Mere days before Morsi’s fall, Obama said, “Our position has always been, it’s not our job to choose who Egypt’s leaders are.” By “always” he must have meant two years because that was how long ago he had told Mubarak to step down.
Forgetting all that business about not taking sides or picking leaders, Jen Psaki admitted, “We have been in touch with members of the Muslim Brotherhood. We want them to be a part of the process moving forward.”
Morsi’s power grab last November in which he claimed near absolute power led to no condemnations from the White House. There were no calls urging the new government to include Mubarak supporters.
A report from Egypt said that Anne Patterson, Obama’s ambassador to Egypt, called Egyptian General Abdul Fatah al-Sisi and ordered him to release all the arrested members of the Muslim Brotherhood, warning him that the alternative would be a civil war resembling the one in Syria.
Considering that Obama has chosen to arm and support the Muslim Brotherhood rebels in Syria, such a warning carries with it some rather ominous overtones.
Patterson had previously told Coptic Christians, the community with the most to lose under the rule of the Muslim Brotherhood, not to protest against Morsi. Shortly after Patterson’s demand, Jen Psaki echoed her with a call to free Morsi and suggested again that foreign aid hinged on Morsi’s freedom and the Muslim Brotherhood’s participation in Egyptian politics.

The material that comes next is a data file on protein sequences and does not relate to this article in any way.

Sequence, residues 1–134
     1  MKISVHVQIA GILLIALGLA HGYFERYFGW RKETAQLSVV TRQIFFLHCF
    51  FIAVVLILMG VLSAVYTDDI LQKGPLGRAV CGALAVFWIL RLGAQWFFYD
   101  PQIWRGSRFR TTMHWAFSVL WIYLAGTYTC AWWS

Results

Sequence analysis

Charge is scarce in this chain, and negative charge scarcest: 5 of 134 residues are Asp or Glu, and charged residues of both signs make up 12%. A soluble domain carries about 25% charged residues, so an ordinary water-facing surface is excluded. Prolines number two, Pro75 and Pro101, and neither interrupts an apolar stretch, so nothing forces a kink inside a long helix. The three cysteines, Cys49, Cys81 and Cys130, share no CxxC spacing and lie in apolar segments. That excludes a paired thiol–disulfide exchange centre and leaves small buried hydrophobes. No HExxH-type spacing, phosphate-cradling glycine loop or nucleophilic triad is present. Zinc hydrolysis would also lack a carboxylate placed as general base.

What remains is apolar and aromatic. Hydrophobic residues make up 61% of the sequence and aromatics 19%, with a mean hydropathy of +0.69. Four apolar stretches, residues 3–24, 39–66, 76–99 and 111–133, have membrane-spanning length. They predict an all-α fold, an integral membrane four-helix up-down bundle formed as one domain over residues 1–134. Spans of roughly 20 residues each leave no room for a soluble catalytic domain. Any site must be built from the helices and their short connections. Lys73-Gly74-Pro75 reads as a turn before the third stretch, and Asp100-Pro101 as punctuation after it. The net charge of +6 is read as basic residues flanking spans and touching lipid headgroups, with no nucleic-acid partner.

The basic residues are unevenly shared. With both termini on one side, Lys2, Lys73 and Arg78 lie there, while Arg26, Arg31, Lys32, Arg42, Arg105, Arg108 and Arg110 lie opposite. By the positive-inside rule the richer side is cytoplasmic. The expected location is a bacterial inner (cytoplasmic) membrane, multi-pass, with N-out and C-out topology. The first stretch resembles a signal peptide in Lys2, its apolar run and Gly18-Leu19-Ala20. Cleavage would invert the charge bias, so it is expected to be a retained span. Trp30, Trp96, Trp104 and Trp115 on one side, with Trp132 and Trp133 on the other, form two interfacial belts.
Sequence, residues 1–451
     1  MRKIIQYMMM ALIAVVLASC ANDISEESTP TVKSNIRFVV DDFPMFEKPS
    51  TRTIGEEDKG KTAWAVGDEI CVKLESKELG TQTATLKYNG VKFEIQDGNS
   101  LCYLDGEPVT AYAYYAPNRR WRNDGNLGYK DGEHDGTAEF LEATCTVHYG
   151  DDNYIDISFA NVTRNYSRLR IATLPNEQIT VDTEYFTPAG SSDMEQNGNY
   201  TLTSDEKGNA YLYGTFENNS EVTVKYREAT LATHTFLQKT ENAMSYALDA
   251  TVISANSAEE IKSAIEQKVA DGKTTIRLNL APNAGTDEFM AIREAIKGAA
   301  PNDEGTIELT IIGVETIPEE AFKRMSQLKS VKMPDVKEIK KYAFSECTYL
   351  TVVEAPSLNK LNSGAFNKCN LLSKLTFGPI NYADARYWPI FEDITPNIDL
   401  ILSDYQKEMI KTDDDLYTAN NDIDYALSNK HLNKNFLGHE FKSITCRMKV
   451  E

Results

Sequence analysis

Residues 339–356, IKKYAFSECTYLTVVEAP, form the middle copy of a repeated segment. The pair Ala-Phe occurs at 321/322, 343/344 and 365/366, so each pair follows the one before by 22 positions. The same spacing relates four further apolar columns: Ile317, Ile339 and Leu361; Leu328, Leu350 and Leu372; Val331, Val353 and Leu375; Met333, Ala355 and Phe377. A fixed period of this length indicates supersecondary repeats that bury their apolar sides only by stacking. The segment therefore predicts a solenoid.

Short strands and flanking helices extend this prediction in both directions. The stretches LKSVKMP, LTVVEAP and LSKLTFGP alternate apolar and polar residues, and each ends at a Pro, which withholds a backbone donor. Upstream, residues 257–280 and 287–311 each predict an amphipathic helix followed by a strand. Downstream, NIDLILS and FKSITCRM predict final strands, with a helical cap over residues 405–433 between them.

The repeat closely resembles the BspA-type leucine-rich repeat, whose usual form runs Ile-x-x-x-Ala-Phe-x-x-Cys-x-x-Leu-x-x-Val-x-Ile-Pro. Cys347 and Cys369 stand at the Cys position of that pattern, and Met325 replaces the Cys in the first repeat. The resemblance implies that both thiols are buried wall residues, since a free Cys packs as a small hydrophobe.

Despite Psaki’s earlier denials, a side had clearly been taken. And it was the side of the Muslim Brotherhood.
While Obama and the State Department are still hiding behind words like “democracy” and “inclusiveness,” they have marshaled their rhetoric only in defense of the Muslim Brotherhood.
There were no threats to cut off foreign aid to Morsi during the period of his worst abuses. There were no demands of inclusivity from Morsi. Even when American lives were at risk in Egypt, there were no threats to cut off foreign aid. Instead Kerry tied himself in knots explaining why we could not cut aid to Egypt, despite admitting Morsi’s abandonment of democratic principles.
Obama had two radically different approaches to three Egyptian governments. The non-Brotherhood governments were threatened and criticized. The Muslim Brotherhood government was neither threatened nor criticized. Non-Brotherhood governments were told that they would have to make room for the Brotherhood or face a loss of American support, but when the Muslim Brotherhood began to wield absolute power, there were no threats from Hillary Clinton or Obama.
While Obama works to free Morsi, Morsi’s supporters continue torturing and killing, perpetuating the bloody legacy of a bloody tyrant.
Under Morsi, Amir Ayad, an activist protesting Muslim Brotherhood rule, was dragged into a mosque, beaten and tortured. When the Muslim Brotherhood members assaulting him realized he was a Copt, they called him a “Christian Dog” and left him half-dead by the side of the road.
This is the reign of terror that millions of Egyptians risked their lives to break free of. This is the horror that caused Egyptian women to risk the Muslim Brotherhood’s rape gangs to denounce in Tahrir Square. This is what Obama wants to impose on Egypt again.
Source: Sultan Knish